Potsdam Travel Guide
Located across the river Havel from Berlin, Potsdam is the capital of Brandenburg state. In the days of German royals, this city was a major political centre. Because of this, there are scores of palaces, castles, and gardens. Spend at least three to four days here before moving on elsewhere.
Potsdam is full of amazing palaces and parks. Start by heading straight to Sanssouci Palace. The court of Frederick the Great built this as the ruler’s summer residence. Once complete, it drew comparisons to France’s Versailles, despite its smaller stature.
As you walk through this Rococo gem, take the time to admire its fine touches. Thanks to its historical importance, architecture, and its expansive gardens, this place is a UNESCO World Heritage Site. Over two million people visit this attraction per year – as such, authorities offer timed tickets. Be sure to book yours in advance.
After seeing Sanssouci, make Neues Palais your next stop. The court of Frederick the Great constructed this castle after the end of the Seven Years War. According to experts, this palace is the finest built during the Prussian Baroque Period.
Make time to visit the Grotto Hall. Here, you’ll find statues, paintings, fine crystal chandeliers, and walls inlaid with semi-precious stones. Apart from this, its theatre and the Communs are also worth your time.
Next, make your way over to Schloss Cecilienhof. Built in the English Tudor style, this palace was the last royal residence built in Germany. The members of House Hohenzollern only enjoyed it for a year, as a revolution forced them to flee.
In the aftermath of World War II, this castle hosted the Potsdam Conference. Here, world leaders came to agreements on how to proceed in dealing with Europe and Asia post-war. To make the most of your visit, be sure pick up an audio guide at the reception desk.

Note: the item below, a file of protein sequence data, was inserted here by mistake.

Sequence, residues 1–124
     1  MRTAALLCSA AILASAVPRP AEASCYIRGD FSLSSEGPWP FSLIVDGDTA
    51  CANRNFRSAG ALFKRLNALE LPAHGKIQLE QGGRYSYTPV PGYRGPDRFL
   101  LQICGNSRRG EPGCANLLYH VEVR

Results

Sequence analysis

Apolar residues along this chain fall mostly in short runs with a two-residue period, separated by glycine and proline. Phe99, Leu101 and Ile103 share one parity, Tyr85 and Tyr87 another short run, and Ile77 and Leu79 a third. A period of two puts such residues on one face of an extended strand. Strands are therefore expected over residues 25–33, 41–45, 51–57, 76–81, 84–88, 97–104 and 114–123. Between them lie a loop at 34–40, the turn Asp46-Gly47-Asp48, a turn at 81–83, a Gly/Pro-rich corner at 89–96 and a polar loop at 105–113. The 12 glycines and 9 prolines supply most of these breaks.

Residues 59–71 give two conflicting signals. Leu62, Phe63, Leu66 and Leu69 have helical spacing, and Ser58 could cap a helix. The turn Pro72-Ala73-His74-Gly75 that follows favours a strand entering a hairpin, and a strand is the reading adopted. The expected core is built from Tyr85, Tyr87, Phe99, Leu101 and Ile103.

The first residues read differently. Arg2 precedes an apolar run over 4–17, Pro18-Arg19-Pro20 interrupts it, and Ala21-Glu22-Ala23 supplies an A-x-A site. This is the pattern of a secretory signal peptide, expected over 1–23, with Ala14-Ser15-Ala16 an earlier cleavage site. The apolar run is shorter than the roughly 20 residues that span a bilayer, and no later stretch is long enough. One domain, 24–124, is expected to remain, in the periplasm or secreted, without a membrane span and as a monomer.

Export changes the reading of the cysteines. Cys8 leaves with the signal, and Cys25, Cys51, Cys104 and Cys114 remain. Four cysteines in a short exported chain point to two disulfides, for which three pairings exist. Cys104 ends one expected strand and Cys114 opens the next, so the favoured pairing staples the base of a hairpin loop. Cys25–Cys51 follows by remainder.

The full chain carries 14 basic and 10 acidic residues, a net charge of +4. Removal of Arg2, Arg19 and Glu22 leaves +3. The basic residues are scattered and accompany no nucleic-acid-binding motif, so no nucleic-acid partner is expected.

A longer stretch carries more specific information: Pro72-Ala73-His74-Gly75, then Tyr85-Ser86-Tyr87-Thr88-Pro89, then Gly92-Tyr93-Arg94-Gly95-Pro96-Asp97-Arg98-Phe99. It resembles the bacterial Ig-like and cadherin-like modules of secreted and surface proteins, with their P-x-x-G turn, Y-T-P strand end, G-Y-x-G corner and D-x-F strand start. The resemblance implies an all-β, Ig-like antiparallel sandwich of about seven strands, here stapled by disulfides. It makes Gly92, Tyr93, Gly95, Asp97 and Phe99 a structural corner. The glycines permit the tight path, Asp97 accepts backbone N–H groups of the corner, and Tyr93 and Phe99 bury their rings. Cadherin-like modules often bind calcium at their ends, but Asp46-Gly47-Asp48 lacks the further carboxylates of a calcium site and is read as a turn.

Take a break from castle hopping at Museum Barberini. In this institution, art lovers will find impressionist art and pieces from the Old Masters. Among this gallery’s top highlights are legends like Monet, Much, and Rodin.
The palaces of Potsdam can eat up a lot of time. But, if you have time, check out Sanssouci Park. As the name suggests, this green space used to be the garden for Sanssouci Palace. Over the decades, the king’s gardeners planted flower beds, hedges, and fruit groves.
However, technological roadblocks deferred the addition of fountains until the 19th century. Eventually, though, with the invention of steam power, this became a reality. Plan on spending a couple of hours strolling amidst the gardens, greenhouses, and buildings.
Long before the Soviets controlled Potsdam after WWII, it was home to Alexandrowka. This settlement was a colony of Russians populated by soldiers captured by Napoleon in the early 19th century. Fifty years later, the last of these “settlers” passed away. In doing so, they left behind distinctly Russian buildings in the middle of Germany.
Overall, this park is small, so it won’t take too much of your time. If you can, however, make a stop at their tea room for a steamy cup.
During your time in Potsdam, take a moment to stop by the Glienicke Bridge. The span has a moderately interesting design, but that’s not what people know it for. During the Cold War, this suspension bridge was the link between Western-controlled Berlin and the territory of the GDR.
During this time, this landmark became where the GDR and the West would exchange prisoners. As a result, locals came to know it as the Bridge of Spies.
Finally, spend some time relaxing in the Holländisches Viertel. Translating in English as the Dutch Quarter, this neighbourhood bears witness to King Friedrich Wilhelm I’s love of Dutch culture/architecture.
Today, locals and visitors alike love this area’s cobblestone streets. During the holiday season, this part of town hosts the Potsdam Christmas Market.
What To Eat
During your Potsdam trip, you may get a bit peckish. To keep your hunger at bay, get your hands on some Spreewälder Gurken. These savoury snacks are local pickles that residents claim is a hangover cure. Accordingly, you’ll often find these in Potsdam bars.
When the time comes around for dinner, try some Buletten. These are meat patties formed from ground pork mixed in onions, eggs, and bread. Doused in a creamy sauce and served with potatoes, a dark German beer is the best beverage pairing.
Add a sweet ending to your day by ordering Käsekuchen for dessert. Similar to American cheesecake in consistency and dusted with powdered sugar, it’s an excellent companion to coffee.